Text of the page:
Other than that, taste-wise it's fantastic and I would recommend requesting for a little less ice and having the ice completely melted before getting stuck into it. This is my guilty pleasure everytime I head to Chaddy. This drink definitely is worth getting, if not for the sheer amount of ingredients alone, but mostly for the great taste and delightful flavours. Now if only they could somehow blend the jelly a little bit smaller....

Cherry Syrup for Coke

I grew up with the easy availability of Cherry Coke, and addiction does not even begin to describe my insane need to drink a can everyday. Now my mother strictly forbade snacks of any kind during my childhood except on occasions like the Christmas season and CNY. And I promise you, that came around twice a year. BUT that's what a huge Jean-Paul Gaultier school bag is for. Thank goodness she was mostly not home when I walked into the house with my bag rustling inside as the bags of snacks rubbed against each other jostling for space in a bag filled less with books than with the cheesy goodness of Twisties, Nachos, Chilli Tapioca Chips and Calbee Hot n Spicy Potato Chips.

But I digress...

When we moved to Australia, what I missed most was my daily drink of Cherry Coke so I stopped drinking Coke or most sodas (soft drinks), except for Dr Pepper which was sold in Safeway only, for ages until a quite few years ago when Australia introduced Cherry Coke to this country. The taste however must have been modified to suit the Australian market as it was rather different to the American Cherry Coke. But hey, beggars can't be choosers, so I settled for that until the expected demise finally happened to Australia Cherry Coke. Ta-dum-dum. Australians did not take to the taste and I went back quite happily to Dr Pepper (which is similiar to Cherry Coke but not exactly the same). Sadly, Dr Pepper also suffered their eventual demise soon after that.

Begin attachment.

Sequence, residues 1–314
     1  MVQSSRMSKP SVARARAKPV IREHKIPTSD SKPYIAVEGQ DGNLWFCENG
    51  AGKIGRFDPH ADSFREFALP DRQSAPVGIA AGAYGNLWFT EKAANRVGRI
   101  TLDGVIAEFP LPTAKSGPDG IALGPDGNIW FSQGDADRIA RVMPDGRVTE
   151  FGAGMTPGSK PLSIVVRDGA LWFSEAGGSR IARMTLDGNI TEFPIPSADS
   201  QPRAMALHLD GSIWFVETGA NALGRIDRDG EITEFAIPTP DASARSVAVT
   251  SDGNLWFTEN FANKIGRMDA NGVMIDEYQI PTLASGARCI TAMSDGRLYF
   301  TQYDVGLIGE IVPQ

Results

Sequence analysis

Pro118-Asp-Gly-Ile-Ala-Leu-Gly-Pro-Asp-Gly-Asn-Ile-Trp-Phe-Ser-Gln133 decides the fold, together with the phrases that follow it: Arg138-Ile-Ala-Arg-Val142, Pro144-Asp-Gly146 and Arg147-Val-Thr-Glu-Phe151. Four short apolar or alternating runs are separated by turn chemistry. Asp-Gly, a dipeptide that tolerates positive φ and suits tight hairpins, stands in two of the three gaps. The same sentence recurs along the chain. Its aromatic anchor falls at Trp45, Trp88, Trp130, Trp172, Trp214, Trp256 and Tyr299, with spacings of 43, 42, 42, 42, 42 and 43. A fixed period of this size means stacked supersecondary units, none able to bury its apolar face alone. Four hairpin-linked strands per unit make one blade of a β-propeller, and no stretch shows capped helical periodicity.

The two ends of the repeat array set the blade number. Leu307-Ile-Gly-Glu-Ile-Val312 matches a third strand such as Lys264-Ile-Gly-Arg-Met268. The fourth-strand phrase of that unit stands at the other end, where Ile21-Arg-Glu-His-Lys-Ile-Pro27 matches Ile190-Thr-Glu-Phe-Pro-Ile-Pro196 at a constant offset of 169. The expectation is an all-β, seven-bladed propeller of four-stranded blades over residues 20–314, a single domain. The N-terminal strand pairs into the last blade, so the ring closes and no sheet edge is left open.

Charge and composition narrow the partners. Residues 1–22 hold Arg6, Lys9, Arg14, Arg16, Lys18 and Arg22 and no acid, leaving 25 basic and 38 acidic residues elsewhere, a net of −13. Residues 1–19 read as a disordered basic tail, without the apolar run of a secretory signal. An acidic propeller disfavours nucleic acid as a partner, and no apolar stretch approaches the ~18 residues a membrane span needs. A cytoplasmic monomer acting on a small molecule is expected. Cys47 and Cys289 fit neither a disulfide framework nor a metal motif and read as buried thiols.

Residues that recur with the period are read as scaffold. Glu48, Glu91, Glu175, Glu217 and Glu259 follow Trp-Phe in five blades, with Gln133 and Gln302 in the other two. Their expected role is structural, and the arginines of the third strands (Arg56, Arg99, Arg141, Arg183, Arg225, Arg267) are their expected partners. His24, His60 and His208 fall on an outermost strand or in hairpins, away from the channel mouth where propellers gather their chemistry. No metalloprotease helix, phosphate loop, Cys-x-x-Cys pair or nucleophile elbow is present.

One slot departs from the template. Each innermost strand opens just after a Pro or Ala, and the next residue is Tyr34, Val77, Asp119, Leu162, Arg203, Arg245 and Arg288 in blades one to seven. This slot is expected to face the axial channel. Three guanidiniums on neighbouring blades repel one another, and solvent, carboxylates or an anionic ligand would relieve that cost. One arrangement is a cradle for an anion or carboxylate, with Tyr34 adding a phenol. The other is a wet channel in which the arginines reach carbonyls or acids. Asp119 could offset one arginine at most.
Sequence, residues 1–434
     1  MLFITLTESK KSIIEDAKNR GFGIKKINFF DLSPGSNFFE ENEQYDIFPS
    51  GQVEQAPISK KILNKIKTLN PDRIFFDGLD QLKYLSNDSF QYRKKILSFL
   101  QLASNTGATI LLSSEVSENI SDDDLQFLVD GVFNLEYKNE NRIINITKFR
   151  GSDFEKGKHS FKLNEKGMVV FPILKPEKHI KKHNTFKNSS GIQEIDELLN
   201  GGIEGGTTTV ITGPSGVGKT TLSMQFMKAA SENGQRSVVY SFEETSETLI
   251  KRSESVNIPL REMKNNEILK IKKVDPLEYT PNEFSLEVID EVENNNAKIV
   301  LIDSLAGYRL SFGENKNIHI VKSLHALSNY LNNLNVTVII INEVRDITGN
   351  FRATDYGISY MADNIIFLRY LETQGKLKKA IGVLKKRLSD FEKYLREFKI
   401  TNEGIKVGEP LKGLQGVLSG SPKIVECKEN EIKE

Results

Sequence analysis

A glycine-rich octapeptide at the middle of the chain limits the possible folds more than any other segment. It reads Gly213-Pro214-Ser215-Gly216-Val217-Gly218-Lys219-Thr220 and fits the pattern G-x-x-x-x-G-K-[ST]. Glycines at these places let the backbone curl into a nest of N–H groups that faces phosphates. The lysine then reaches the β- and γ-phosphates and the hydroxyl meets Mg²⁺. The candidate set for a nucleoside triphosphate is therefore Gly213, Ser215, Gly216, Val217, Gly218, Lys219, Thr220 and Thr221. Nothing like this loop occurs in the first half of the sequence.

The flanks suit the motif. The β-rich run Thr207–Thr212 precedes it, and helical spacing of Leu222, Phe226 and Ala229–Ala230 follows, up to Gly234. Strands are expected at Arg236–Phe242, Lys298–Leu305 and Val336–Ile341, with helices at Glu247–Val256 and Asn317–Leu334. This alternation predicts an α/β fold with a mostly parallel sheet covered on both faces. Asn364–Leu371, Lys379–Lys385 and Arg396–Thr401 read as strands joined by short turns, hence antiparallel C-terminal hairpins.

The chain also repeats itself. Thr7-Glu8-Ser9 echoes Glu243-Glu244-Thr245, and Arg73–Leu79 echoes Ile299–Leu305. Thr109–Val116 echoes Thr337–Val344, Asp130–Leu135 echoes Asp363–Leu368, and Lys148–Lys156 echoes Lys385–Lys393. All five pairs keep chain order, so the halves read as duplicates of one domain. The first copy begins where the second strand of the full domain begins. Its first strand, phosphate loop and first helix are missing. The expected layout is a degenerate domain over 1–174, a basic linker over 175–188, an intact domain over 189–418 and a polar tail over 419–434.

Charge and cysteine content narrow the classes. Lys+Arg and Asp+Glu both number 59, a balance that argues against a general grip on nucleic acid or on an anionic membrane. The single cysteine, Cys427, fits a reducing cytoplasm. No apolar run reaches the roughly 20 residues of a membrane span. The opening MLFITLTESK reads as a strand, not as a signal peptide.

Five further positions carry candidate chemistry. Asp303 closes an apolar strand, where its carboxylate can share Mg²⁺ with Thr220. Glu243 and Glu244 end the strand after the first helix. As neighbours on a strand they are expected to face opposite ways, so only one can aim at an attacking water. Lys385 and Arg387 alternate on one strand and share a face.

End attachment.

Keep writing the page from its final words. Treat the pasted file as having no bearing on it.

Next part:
Anyway, by which time I've already discovered The USA Food Store. They have several American products that were familiar to me in my childhood such as Post cereals (Cranberry Almonds and Banana Nut Crunch are my faves), Combos cheese pretzels, blah blah blah and CHERRY COKE! Yes, direct from America, my Holy Grail drink. Who cares it's $39 for a carton of 24 cans? The addiction was well and truly back! It runs in the family as my dad is totally into Cherry Coke as well, much to my mother's disapproval. Needless to say, I stocked up and have continued doing so for as long as they have been stocking it. To those interested, these guys also stock Cherry 7-up, Dr Pepper, A & W Root Beer and heaps of other yummy sodas.

Despite that, I've always thought if I have my own Cherry Syrup, then I could add a few drops of it to regular Aussie Coke and voila! Cherry Coke at a fraction of the price. However, I just could not manage to find Cherry Syrup in Melbourne even after searching through all the gourmet delis. Finally, a girlfriend from the US heard about my crazy addiction, and was kind enough to send me 3 large bottles of Cherry Syrup, which then resulted in....

The Torani Cherry Syrup (US$7.99) is one of the better brands of Cherry Syrups out there, and I added about a small teaspoon to one can of Coke. Surprisingly it did seem to work quite well and I do like the subtle aftertaste of cherry flavouring in my Coke. I won't say it's the same thing as the actual Cherry Coke from the can, but it does its job. S thinks it reminds him of cough syrup but I don't mind it at all. I do recommend adding ice to your coke if you are using the Torani syrup as the more you add, the sweeter the drink becomes bearing in mind despite the cherry flavouring, it is still a syrup.

Would I continue to buy Cherry Coke from The USA Food Store? Absolutely.